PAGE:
Is there a bigger leadership lie than the one that says leadership is about the leader?
He has to be front and center. He has to be known. And he has to get the credit.
That’s what we’ve been told for so long. It’s what has destroyed the leadership position.
Leadership isn’t about YOU, the leader.
You may be casting the vision. You may be leading the charge. Or you may be the one giving direction.
All of these actions can make it seem like you’re the one leadership is about. You’d be drawing the wrong conclusion.
Leadership doesn’t revolve around the leader. Leadership should revolve around those being led.
Why We Think Leadership Is About The Leader
In recent history, leaders have become the face of the organization. They talk about what’s going on and they cast the vision.
The leader is the one who’s out in front. Cheering, I hope, others on.
You’re also the one helping others and giving them needed direction. You’re the one with the vision.
Who else would leadership be about?
But we’d be wrong in thinking leadership is about you or me. It’s not…
Who Leadership Is About
Let’s think for a minute. If leadership isn’t about the leader, who could leadership be about?
The best answer I’ve found is leadership is about the people.
Leadership is about the people you lead. Leadership is about the people you are creating for. And leadership is about those impacted by your business or organization.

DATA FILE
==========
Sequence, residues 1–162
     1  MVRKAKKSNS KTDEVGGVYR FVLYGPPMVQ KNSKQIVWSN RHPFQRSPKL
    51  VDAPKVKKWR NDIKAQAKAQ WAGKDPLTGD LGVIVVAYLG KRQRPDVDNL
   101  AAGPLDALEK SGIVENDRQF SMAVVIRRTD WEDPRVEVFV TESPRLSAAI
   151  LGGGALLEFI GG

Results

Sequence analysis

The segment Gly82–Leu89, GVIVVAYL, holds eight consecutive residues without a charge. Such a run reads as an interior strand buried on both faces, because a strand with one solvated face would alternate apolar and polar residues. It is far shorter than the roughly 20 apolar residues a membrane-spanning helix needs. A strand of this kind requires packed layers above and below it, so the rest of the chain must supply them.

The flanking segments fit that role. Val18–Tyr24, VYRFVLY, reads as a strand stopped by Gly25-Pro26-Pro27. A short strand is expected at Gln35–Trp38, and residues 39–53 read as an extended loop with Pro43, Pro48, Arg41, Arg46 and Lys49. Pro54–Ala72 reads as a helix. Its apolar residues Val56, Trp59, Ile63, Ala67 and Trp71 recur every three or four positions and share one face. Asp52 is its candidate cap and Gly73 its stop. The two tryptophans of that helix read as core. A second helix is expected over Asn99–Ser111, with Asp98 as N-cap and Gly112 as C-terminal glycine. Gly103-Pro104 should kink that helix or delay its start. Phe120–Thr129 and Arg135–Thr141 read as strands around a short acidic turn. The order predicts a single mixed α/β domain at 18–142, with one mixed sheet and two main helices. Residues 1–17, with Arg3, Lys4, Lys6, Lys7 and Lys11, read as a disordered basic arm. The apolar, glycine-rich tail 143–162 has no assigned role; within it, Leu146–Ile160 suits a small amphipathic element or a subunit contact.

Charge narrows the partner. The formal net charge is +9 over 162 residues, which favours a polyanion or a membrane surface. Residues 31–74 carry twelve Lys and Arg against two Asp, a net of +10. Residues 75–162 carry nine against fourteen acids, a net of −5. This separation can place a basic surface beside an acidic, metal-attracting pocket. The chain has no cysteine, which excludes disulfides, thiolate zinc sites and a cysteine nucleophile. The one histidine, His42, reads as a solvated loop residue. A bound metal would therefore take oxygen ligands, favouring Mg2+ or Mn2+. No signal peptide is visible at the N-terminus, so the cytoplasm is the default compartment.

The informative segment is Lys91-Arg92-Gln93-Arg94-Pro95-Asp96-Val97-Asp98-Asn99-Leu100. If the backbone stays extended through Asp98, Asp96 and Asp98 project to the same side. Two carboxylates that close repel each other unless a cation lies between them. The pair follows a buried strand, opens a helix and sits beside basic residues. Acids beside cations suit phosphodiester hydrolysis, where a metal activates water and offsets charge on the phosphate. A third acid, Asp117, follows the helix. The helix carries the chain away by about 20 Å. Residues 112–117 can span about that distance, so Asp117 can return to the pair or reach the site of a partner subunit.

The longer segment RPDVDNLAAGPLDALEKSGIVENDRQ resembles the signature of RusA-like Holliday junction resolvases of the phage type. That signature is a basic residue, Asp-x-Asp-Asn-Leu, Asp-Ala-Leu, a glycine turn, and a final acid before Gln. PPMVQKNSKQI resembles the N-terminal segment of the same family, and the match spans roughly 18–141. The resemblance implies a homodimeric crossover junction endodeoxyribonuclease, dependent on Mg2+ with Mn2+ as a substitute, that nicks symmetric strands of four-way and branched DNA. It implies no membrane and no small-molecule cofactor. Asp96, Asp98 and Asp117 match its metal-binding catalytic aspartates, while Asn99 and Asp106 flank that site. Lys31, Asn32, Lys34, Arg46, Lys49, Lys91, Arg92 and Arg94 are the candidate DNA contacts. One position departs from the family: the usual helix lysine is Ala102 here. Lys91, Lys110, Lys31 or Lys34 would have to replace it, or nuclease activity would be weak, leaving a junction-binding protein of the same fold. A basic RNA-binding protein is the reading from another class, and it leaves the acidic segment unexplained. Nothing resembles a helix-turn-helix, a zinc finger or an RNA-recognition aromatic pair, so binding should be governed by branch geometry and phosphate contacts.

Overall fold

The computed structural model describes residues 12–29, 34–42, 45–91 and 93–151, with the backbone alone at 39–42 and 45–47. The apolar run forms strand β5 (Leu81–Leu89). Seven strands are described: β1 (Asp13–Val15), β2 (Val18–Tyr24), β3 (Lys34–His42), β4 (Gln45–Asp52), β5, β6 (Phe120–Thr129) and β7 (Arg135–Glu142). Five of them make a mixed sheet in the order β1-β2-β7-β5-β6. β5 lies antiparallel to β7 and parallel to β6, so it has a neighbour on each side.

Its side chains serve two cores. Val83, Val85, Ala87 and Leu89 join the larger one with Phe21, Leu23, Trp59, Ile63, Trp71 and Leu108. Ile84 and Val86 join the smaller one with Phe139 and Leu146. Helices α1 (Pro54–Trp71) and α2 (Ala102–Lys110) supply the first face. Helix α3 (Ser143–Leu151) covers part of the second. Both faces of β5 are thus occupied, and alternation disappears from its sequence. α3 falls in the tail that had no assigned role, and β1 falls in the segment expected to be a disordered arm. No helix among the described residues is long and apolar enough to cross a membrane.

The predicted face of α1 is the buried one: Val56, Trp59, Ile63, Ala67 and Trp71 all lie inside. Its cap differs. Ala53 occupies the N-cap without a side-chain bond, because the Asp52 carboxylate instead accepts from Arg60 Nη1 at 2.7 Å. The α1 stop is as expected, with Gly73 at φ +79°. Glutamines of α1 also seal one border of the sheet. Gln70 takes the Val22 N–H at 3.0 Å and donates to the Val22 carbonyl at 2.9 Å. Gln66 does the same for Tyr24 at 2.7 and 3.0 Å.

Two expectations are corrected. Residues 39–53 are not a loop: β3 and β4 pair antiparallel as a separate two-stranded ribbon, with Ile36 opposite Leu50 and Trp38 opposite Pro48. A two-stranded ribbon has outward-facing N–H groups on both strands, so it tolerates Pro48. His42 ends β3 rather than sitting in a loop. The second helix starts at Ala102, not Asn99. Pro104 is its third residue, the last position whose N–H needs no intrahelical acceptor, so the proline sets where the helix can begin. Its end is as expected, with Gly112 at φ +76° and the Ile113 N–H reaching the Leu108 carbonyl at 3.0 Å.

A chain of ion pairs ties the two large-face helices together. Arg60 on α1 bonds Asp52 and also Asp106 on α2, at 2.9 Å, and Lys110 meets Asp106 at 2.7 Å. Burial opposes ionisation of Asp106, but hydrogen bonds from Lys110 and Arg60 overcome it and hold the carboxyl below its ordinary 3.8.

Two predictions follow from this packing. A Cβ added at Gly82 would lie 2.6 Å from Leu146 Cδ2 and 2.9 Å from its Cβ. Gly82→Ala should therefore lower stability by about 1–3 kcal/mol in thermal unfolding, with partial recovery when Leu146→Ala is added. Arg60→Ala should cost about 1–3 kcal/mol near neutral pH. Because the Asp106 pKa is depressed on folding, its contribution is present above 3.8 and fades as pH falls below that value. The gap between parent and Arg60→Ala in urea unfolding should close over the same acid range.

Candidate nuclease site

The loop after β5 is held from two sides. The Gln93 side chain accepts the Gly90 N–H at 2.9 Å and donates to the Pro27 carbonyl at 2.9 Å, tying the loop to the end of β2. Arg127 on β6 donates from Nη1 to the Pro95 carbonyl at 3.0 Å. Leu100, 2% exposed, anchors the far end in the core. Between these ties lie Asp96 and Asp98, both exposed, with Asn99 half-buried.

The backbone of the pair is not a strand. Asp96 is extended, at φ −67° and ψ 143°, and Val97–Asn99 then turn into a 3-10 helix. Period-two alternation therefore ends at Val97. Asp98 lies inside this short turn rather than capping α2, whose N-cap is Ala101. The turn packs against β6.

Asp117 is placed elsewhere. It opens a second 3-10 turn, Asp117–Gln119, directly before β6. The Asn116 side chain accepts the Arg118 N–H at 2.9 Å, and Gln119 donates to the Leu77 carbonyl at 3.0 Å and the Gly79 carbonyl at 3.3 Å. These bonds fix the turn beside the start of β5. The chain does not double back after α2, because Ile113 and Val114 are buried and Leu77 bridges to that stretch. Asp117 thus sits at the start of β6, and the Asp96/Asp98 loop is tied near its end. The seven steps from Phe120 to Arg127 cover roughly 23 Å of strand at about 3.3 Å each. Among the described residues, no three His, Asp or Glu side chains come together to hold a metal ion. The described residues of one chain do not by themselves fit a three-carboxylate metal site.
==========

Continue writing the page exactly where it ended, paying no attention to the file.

It all boils down to others. Leadership is about others.
When we’re able to grasp this reality, things begin to change.
How To Make Leadership About Others
This is where things get tricky. With so much emphasis being on leaders, you can struggle with the shift of focus.
But, if we want to be great leaders, we’ve got to change where the spotlight shines.
To make leadership about others, we have to:
Honor the ones we lead: We’re leading people who are doing backbreaking, frustrating work. They’re building products, they’re dealing with customers, they’re putting up with us.
While you may have risen to the top, you can’t forget those who you are leading.
Praise them when they do well. Lift them up and thank them.
Take a backseat: I remember watching the downfall of Circuit City. I’d been working there for 3 years when things began to crumble.
Something had changed. What was it?
Leadership began to move to the forefront and take the credit for the hard work of the floor worker.
When budgets were met, the leadership was praised. When new products took off, leadership took the credit.
The question on the floor was always: Who in leadership had sold the product? Was there any leader demoing the product?
No, the sales team met budget and sold products. The leaders stood in the back, taking the praise.
Leaders need to take a backseat to the praise and give it to those who got things done.
Truly serve those we lead: The people you’re leading are human, just like you. They have struggles and battles they’re facing.
Look for ways you can serve them in those areas. Help them when you can.
Step out of the corner office and engage with your team. Show them you are there for them.